UA-Born Traffic App Launches in Tucson
Metropia, the creation of civil engineering professor Yi-Chang Chiu, is designed to alleviate traffic congestion by encouraging motorists to modify their commuting habits.

By Paul Tumarkin, Tech Launch Arizona
March 19, 2015


The UA and Tucson provided "pivotal support," says Yi-Chang Chiu, creator of the Metropia app.
The UA and Tucson provided "pivotal support," says Yi-Chang Chiu, creator of the Metropia app. (Photo: Scad Media, LLC)

An innovative app that incentivizes commuters to change their driving habits for improved regional traffic has officially hit the streets of Tucson.

Last year, the University of Arizona received a patent for the app created by civil engineering associate professor Yi-Chang Chiu. Chiu founded a startup company, Metropia Inc., and in November licensed the patent from the UA to commercialize the technology.

Metropia also worked with the Arizona Center for Innovation, or AzCI, to advance the business model and has successfully launched the company with help from other supporters within Tucson’s entrepreneurial ecosystem.

AzCI is an incubator associated with Tech Parks Arizona, which is part of Tech Launch Arizona, the office of the UA that is dedicated to commercializing inventions born of research.

The company also has released the app in Austin, Texas, and is in discussions to add more cities to its portfolio.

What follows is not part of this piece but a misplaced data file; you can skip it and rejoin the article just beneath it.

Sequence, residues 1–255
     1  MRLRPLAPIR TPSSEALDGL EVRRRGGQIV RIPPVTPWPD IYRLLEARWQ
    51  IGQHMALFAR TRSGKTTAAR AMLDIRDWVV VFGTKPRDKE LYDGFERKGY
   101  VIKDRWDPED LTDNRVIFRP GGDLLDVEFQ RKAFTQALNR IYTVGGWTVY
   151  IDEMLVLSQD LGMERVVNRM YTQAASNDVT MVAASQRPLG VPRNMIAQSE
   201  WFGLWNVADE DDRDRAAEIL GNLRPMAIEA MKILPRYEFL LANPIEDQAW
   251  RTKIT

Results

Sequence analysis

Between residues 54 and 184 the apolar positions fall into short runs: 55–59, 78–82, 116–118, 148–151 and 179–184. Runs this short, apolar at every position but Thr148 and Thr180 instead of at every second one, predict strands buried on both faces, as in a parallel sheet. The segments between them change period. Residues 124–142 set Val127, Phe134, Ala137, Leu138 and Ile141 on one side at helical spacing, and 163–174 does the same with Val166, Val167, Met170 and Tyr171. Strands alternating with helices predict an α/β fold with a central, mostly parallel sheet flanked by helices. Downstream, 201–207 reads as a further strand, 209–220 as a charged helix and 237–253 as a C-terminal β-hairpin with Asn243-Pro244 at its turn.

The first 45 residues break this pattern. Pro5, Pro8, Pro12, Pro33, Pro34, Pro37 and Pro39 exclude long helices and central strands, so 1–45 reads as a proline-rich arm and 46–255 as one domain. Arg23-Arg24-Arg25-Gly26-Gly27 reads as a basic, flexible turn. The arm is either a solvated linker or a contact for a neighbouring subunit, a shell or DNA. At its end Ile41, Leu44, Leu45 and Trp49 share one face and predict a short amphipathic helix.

"Finally launching the app to the Tucson community, which has watched our app grow firsthand from that very first Startup Tucson weekend, is a particularly proud moment for myself and my team," Chiu says. "Tucson and the University of Arizona have provided pivotal support. It's been an excellent experience."

In a proactive effort to alleviate congestion in the Tucson metropolitan area and reduce its impact on air quality in the region, Metropia Inc. is partnering with the Pima Association of Governments, or PAG, the region’s metropolitan planning organization.

Research gathered by Metropia will benefit PAG’s travel-reduction program to promote ridesharing. Sun Rideshare, for example, is a regional travel assistance program at PAG. Metropia also intends to collect travel time and speeds for PAG’s Travel Demand Model, which is used for planning future road projects, forecasting pollution levels and ensuring compliance with air-quality regulations.

"Metropia is a prime example of a UA-derived company partnering with the community," says David Allen, vice president of Tech Launch Arizona. "The team has put in the hard work, shown great focus and cooperation, and brought all the right people into the process from both inside and outside the University to ensure success."

Metropia’s unique approach, first described in UANews last November, empowers motorists to make decisions that work for their schedules and incentivizes them to save time and earn rewards while reducing the strain on Tucson's roads. Rewards come in the form of points, which can be redeemed at local partnering businesses such as Fed by ThreadsRBar and Ear Effects. Motorists also can choose to exchange points for gift cards at the likes of Target, Amazon and Starbucks. Points even can be exchanged for the planting of trees.

Most navigation apps start working when the user gets into the vehicle, but by then it's often too late. By planning with Metropia, users get a clear picture of what their upcoming commute will look like, as well as updates when crashes and lane closures require an earlier departure or a detour.

The free Metropia app is available for IOS devices at the Apple App Store as well as for Android devices at Google Play.


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